Oral histories of the tower’s formation vary among tribes, including the Cheyenne, Lakota, and Crow, but the iconic peak is uncontestedly sacred to all. June marks the height of religious practices at the site, when members of over twenty tribes travel to perform sundances, sweat lodges, and prayer offerings. Since 1995, climbers have been expected to stay off of the sacred site for all of June, but between 200 and 500 climbers reportedly don’t respect the voluntary ban each year—another bruise in the long and strained history between White and Native cultures in the area.
In fact, it wasn’t until the arrival of European-Americans that the name “Devils Tower” was conceived. In 1875, the indigenous name “Bear’s Lodge” was reportedly misinterpreted by a caucasian translator as “Bad God’s Tower,” which eventually became the accepted name that most people know now. Despite multiple efforts to recognize the various Native American names (including “Aloft on a Rock,” “Tree Rock,” and “Great Gray Horn”), the party line that a name change would harm the tourist trade has kept “Devils Tower” in place.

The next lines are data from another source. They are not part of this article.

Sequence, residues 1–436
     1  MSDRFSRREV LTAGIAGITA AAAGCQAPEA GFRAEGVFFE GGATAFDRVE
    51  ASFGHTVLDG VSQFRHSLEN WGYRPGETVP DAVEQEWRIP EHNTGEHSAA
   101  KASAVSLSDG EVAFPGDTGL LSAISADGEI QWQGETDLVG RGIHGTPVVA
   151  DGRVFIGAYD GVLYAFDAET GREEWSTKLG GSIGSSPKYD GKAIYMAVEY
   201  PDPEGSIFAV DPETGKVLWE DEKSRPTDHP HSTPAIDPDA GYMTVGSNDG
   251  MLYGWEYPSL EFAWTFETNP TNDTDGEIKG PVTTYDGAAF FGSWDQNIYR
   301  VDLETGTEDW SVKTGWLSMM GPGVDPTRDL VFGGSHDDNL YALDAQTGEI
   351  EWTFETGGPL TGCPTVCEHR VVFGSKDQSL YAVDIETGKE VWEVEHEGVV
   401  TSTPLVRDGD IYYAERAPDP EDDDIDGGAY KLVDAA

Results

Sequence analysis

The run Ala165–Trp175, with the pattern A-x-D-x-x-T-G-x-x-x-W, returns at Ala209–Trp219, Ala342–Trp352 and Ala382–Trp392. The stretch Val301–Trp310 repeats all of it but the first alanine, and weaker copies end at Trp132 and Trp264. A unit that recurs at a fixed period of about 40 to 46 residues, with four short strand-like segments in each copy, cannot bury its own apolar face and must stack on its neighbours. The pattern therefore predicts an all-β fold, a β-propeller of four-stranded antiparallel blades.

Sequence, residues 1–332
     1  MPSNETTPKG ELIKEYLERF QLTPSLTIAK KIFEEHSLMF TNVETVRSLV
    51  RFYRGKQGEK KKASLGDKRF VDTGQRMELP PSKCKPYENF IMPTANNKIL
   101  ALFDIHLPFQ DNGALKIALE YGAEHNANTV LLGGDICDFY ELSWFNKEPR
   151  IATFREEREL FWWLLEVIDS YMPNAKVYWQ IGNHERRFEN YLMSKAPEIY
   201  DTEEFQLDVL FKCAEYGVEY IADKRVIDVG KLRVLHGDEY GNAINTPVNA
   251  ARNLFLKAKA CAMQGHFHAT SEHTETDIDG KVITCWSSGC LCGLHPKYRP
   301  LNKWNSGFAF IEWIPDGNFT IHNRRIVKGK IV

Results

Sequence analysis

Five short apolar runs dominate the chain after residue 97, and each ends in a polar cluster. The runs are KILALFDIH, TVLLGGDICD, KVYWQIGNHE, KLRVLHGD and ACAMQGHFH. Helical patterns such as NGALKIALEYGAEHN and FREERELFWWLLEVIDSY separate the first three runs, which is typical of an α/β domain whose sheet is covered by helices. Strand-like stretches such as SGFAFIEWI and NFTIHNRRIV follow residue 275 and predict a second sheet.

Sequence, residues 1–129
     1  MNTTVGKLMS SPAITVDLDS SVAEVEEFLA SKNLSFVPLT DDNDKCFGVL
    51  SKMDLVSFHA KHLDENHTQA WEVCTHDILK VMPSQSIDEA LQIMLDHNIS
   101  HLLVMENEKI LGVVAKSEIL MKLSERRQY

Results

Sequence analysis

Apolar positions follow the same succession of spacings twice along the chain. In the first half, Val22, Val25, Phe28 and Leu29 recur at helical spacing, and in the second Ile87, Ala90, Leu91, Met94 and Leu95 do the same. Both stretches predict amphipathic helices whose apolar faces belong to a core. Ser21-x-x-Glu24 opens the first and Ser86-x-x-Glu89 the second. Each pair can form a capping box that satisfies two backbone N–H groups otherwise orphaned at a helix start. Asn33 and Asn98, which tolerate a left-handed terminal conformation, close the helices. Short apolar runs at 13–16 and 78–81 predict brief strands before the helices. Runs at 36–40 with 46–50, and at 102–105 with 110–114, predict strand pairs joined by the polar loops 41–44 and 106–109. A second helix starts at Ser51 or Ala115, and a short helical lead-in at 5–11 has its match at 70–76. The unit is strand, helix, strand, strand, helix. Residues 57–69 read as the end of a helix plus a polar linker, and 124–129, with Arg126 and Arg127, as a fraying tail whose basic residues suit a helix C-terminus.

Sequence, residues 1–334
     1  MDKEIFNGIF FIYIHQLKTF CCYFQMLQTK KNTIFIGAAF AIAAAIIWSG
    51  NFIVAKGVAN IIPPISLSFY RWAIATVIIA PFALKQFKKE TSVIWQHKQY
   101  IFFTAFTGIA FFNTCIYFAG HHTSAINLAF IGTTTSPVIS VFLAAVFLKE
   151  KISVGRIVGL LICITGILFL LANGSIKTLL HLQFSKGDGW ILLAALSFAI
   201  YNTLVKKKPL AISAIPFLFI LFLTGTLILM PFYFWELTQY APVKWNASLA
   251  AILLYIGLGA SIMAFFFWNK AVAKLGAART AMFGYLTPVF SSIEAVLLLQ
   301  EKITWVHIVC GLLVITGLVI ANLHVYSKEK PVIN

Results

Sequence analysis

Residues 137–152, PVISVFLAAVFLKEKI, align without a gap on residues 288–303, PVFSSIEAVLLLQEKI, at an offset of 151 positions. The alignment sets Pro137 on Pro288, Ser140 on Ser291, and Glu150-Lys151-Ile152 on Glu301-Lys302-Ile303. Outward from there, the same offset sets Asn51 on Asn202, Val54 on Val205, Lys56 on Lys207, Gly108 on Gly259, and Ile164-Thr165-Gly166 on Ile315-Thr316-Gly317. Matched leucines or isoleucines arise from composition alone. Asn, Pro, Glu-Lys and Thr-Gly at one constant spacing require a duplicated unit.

Rock climbing at Devils Tower has opened my eyes to the history of the area and what it means to the people who have inhabited it for millenia. Now, when I’m heading to a new crag, or even visiting an old one, I always make sure that I’m up to speed on the expectations for climbers, whether that’s following state regulations or getting a gist of whose land I’m on and its history. As much as us climbers love the outdoors, it’s our responsibility to protect these areas and respect the people that use them.